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You just adopted you a new kitty and it’ll take a while for your cat to adjust to its new home. You want them to feel comfortable, but this will not happen overnight. With unfamiliar surroundings, your cat may be frightened by sudden movements or people. It is very important to have patience with this process of building relationships with other cats, dogs and people. However, depending on cat breed, age, and history, each cat can react differently in new situations.

If you’ve never had a cat before, it might be difficult for you to really read their body language or vocalizations. Read our blog post on how to understand the feline language to better recognize what they’re trying to tell you.

If you already have a cat at home,
TIP: It is best to choose a cat that has a similar personality as the cat that you have now. A young kitten would probably not go best with an older cat with a more sedentary lifestyle. However, two playful cats might be a better match.

  • Cats can sometimes be territorial depending on their personality, so your cat at home right now might not be too happy with the sudden changes. Start by creating a new space with bed, toys, bowls, litter box, and scratching post for your new family member. Be sure they each have their own separated areas. You don’t want to make your current cat unhappy!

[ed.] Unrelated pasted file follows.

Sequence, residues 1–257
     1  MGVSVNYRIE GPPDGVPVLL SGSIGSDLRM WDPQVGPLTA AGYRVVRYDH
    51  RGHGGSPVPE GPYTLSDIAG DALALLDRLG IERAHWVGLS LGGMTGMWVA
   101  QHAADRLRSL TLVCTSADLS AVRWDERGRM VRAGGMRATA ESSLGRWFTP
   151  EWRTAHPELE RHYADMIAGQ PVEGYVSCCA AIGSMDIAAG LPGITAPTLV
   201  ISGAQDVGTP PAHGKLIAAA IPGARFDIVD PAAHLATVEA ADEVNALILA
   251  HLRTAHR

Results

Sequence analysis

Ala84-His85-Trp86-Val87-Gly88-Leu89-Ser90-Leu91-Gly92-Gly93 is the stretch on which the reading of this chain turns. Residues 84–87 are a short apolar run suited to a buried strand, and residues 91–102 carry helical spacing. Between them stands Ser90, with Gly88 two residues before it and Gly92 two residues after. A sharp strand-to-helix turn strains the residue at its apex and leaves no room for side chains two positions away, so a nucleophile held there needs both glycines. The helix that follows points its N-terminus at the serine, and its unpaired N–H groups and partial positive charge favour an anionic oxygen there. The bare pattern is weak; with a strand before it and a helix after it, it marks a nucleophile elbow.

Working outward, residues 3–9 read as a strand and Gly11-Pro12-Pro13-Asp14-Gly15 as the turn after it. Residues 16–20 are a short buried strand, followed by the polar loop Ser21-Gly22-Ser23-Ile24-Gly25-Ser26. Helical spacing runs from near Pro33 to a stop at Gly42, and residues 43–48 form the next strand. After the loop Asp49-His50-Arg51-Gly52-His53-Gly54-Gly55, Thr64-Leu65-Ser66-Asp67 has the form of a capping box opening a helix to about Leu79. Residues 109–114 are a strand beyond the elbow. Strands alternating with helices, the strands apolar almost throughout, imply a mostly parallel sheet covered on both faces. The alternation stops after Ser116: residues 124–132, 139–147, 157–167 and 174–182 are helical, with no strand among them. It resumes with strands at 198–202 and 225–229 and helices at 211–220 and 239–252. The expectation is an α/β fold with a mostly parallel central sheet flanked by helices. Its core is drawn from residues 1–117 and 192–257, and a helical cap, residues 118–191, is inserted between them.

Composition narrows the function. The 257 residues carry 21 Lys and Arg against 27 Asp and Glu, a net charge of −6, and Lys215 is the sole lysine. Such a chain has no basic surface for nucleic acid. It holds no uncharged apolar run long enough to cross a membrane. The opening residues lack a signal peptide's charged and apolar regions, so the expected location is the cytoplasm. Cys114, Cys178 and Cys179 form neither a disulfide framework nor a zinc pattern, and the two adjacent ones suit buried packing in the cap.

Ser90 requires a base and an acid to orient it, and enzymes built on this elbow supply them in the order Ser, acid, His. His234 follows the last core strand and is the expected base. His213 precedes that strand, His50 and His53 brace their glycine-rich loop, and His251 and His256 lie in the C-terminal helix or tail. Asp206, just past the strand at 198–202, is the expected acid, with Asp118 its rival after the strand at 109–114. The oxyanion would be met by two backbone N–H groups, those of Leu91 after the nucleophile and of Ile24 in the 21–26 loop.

• Cats have a strong olfactory system that allows them to recognize each other through pheromones. Whenever a cat rubs its cheeks on a table or wall, they release a scent that can provide information to another cat. Before introducing one another, exchange their bedding or blankets to familiarize them to each other’s scent.

  • The next step is for them to meet through a gate or opening where they can see each other. If no aggressive behaviors arise, allow them to meet.

  • If there are signs of stress or aggression, separate them and try again more slowly. It’ll take several days or weeks for bonds to form, so keep an eye on their interactions until you fully trust their relationship.

If you already have a dog at home,
TIP: If you have an aggressive dog who has a history of chasing cats, a new cat might not be the best choice for your household. A dog with a calm temperament who does not chase will be a better match for a new cat.

  • Some shelters will allow you to bring your current dog to their facility for a meet and greet. This will give you a better idea of whether or not your new cat and dog will get along.

  • On their first interaction, your dog should be put on a leash for any sudden attacks in a confined spacious area. If your curious dog approaches the cat too aggressively, it can cause the cat to run off and hide. Remember, not all dogs and cats will get along, depending on breed, personality, and temperament.